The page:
Last updated: August 2, 2021
Not a day goes by where the news doesn’t report about America’s growing opiate epidemic. That has caused a marked increase across all demographics in heroin use for a drug once found mainly in poor, inner cities.
This poses a challenging situation for employers operating under the standards of the Department of Transportation, as a DOT drug test does not test for heroin. Most standard panels do, however, including the 5 panel, 10 panel, and 12 panel drug tests. The DOT drug test identifies the use of marijuana, opiates and opioids, PCP, cocaine, and amphetamines. Employers outside of the DOT are free to use any panel they wish, with the obvious differences among the tests being the cost and number of drugs identified.
Weeding out employees who use heroin leads to a safer, more productive work environment, and having a written drug testing policy is essential in accomplishing that.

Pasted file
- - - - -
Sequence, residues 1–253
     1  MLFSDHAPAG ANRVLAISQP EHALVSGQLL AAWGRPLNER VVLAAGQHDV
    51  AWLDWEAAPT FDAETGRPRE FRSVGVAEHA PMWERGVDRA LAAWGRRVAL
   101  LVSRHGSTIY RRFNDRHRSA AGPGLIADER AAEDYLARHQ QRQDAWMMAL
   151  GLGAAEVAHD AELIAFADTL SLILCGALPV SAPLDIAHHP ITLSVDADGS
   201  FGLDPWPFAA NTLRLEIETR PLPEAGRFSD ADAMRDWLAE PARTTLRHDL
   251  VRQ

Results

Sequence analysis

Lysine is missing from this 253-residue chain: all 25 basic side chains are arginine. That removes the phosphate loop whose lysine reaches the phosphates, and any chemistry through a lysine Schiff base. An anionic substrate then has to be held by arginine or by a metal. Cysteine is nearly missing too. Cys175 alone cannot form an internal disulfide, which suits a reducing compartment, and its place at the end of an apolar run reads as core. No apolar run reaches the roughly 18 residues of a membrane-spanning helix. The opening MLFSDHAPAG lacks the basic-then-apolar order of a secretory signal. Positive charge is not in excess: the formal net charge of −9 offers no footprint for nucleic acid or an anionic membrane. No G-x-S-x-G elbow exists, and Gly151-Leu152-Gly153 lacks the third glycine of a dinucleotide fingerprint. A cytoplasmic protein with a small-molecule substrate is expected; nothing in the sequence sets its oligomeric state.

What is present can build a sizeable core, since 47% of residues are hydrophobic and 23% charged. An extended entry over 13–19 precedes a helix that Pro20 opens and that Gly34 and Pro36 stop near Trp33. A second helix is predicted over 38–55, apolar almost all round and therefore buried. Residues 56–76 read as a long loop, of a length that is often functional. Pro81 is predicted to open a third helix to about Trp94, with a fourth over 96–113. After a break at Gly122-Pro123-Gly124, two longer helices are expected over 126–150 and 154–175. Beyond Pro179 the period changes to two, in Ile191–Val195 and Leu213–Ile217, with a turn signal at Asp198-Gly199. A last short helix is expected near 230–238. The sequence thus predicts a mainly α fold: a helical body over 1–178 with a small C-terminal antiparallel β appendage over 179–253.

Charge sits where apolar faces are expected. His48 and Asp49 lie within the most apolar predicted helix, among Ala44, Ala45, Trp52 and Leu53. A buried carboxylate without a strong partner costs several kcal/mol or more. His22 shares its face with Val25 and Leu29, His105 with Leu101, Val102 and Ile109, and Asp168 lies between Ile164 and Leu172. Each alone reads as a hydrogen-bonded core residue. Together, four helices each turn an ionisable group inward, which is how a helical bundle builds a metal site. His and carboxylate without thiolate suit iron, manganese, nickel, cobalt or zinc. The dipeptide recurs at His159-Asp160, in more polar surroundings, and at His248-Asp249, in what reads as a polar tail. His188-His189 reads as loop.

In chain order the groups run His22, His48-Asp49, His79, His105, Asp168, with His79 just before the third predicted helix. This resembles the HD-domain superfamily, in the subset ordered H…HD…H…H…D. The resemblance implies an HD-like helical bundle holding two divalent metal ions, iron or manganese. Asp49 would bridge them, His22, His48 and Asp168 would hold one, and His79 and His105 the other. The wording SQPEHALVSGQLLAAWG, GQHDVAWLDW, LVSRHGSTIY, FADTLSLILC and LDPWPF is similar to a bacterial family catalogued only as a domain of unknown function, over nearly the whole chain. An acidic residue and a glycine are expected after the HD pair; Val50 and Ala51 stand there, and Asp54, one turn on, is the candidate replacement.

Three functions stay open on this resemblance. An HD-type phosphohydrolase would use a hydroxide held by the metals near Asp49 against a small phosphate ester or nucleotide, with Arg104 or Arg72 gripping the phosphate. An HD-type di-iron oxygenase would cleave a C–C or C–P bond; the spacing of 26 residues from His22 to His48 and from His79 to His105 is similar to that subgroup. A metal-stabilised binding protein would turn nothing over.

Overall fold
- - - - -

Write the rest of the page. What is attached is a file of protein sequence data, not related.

Reasons to conduct a heroin drug test
There are five reasons a manager, supervisor, or employer may want to test a member of their workforce for drug use, including pre-employment, random, after-accident, reasonable suspicion, and return to duty. It’s important for both leadership and the workforce to have and follow a drug policy that is fair, reasonable, easy to understand, and complies with laws at all levels of jurisdiction, especially for multi-state corporations
Pre-employment drug test
In order to eliminate problems before they occur, an employer may perform a pre-employment drug test. This happens when you would expect it to—during the application phase of the employment process. This encourages a good workplace environment by immediately setting the ground rules of working for that company and filtering out would be drug users from ever setting foot in your workplace.